by Kyle Baxter
Anyone who’s a fan of reggae music will know that it was Bob Marley’s historic performance in 1980 that really kick started the music movement on Zim radios and in dancehalls. When the famous reggae performer visited Zimbabwe to celebrate the newfound independence, only three reggae stars had gained popularity in the country, but what has evolved since then has created an interest in not only listening to the music, but producing it as well, with Zimbabwean musicians such as Percy Musa and Mad Mugo infiltrating the scene. Even if you’re not a big-time dancehall musician, however, there are still easy ways in which you can produce reggae music from home.
Whether you’re going to invest in the actual instruments or simply equip a sound library with these specific beats, you’ll need to understand what actually makes up reggae music. In reggae, there are two fundamental drum rhythms and they are generally referred to as rockers and steppers. Bass beats are developed in laid-back fashion and are made up of basic sequences. To accomplish the chop, you’ll need to use a piano or guitar sound, and using a real instrument for this will actually produce a much better, more authentic sound. Guitars and associated accessories such as straps that will help support your guitar better aren’t that expensive in Zimbabwe and will really enhance the quality of your music. A mixing console, however, will be crucial in taking your reggae music to the next level.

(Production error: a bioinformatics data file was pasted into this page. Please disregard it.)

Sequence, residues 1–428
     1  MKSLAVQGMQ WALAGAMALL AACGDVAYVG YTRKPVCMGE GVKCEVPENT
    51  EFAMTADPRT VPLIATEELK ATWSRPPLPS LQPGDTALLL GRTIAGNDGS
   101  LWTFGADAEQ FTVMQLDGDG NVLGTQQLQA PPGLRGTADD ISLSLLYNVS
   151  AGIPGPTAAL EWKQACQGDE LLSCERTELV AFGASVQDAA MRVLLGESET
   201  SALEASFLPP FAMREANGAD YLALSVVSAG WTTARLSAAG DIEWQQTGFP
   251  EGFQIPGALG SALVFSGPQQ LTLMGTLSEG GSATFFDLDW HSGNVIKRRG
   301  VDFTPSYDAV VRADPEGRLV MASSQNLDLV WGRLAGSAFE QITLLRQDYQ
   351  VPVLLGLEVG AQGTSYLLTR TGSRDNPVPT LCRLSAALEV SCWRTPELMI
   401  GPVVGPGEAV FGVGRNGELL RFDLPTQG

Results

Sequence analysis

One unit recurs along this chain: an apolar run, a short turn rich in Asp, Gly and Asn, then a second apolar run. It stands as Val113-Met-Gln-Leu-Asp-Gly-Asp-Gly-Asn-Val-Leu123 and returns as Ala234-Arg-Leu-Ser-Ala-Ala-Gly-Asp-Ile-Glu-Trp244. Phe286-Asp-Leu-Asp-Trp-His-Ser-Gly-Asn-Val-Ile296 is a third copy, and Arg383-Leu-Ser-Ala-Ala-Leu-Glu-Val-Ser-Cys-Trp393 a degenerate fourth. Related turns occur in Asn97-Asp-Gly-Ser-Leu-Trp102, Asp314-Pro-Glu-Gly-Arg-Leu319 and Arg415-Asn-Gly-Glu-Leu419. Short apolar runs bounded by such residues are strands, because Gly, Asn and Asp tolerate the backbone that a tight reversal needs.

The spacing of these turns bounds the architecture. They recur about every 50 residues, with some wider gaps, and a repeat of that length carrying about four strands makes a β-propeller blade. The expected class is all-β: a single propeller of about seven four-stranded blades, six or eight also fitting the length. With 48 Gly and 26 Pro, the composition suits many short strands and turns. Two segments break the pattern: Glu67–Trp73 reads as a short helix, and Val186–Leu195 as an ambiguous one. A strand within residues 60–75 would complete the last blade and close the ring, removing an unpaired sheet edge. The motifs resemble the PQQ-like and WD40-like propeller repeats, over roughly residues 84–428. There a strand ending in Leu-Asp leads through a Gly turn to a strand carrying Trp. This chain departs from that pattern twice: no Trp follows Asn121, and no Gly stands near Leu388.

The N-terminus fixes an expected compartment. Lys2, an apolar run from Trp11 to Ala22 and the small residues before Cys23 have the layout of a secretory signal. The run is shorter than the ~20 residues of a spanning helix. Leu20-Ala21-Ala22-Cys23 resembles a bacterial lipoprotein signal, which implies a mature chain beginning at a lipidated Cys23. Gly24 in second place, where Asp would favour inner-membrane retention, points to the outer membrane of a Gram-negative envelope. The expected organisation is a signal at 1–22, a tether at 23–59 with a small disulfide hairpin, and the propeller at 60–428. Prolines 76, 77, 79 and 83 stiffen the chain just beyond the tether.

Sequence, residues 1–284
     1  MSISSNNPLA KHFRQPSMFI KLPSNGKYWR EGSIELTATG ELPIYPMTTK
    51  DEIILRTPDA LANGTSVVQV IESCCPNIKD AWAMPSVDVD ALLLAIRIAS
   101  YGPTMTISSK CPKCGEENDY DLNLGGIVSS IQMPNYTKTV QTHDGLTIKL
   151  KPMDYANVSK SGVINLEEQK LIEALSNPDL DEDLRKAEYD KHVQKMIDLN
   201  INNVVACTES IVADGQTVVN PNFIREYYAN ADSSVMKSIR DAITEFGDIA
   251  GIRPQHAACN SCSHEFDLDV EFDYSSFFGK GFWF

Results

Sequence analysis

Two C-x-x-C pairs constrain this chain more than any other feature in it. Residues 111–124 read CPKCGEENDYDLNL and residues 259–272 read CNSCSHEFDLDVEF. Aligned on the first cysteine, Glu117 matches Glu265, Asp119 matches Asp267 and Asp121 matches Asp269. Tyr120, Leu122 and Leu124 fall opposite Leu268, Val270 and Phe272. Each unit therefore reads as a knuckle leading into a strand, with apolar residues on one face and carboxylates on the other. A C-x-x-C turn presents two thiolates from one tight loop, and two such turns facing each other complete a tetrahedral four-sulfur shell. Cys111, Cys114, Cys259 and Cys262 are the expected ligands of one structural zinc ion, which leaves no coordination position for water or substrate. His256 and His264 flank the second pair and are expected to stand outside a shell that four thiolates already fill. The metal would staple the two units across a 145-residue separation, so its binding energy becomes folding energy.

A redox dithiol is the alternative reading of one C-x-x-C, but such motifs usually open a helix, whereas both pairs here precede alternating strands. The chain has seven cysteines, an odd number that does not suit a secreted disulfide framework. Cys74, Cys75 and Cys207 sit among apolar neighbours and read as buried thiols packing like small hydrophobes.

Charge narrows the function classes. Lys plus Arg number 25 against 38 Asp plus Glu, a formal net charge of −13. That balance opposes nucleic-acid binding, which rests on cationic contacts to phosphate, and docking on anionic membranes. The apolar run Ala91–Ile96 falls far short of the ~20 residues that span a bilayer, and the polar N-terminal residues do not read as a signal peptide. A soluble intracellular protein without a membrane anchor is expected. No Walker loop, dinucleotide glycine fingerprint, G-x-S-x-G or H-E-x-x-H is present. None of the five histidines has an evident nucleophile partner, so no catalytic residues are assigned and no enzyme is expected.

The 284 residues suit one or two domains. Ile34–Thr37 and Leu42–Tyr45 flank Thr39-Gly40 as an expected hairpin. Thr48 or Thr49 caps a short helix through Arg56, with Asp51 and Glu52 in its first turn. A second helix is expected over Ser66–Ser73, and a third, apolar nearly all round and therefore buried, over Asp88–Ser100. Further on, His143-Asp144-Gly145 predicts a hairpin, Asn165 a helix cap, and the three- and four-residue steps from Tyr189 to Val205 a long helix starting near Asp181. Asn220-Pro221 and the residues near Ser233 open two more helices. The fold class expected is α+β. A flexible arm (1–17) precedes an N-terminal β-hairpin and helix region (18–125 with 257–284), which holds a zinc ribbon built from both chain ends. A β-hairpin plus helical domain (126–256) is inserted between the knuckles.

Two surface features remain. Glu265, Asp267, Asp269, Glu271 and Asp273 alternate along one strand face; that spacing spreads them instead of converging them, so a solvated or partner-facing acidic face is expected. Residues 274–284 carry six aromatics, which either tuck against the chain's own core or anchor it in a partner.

As with any worthwhile pursuit, it’s important to start small while you learn the tricks of the trade and work your way up. Record each instrument on a different track and use those to make a basic mix. It’s important to set the levels and equalizing for each track so that they’re all balanced equally. What really sets great reggae music producers apart from amateur ones is the ability to add effects to individual tracks instead of applying them to the song as a whole. This will make a huge difference in the style and quality of your music and will demonstrate your expertise. Keep bass and drums prominent to preserve the crisp sound and try playing with echoes and offbeat rhythms to add a special touch to your tracks.
If you want your reggae music to be heard, you’ll eventually have to release it to the public. This is not only a great way to get exposure, but it will help you improve in your music production skills as you gain more feedback and advice. Sending your music to local radio stations to gain airplay time is pretty easy, as zim Net radio accepts submissions from artists all over the world. In the meantime, continue to practice on your mixing skills and continue listening to reggae music in Zimbabwe and beyond to gain a better understanding of the cultural and musical influences present in the diverse category of music.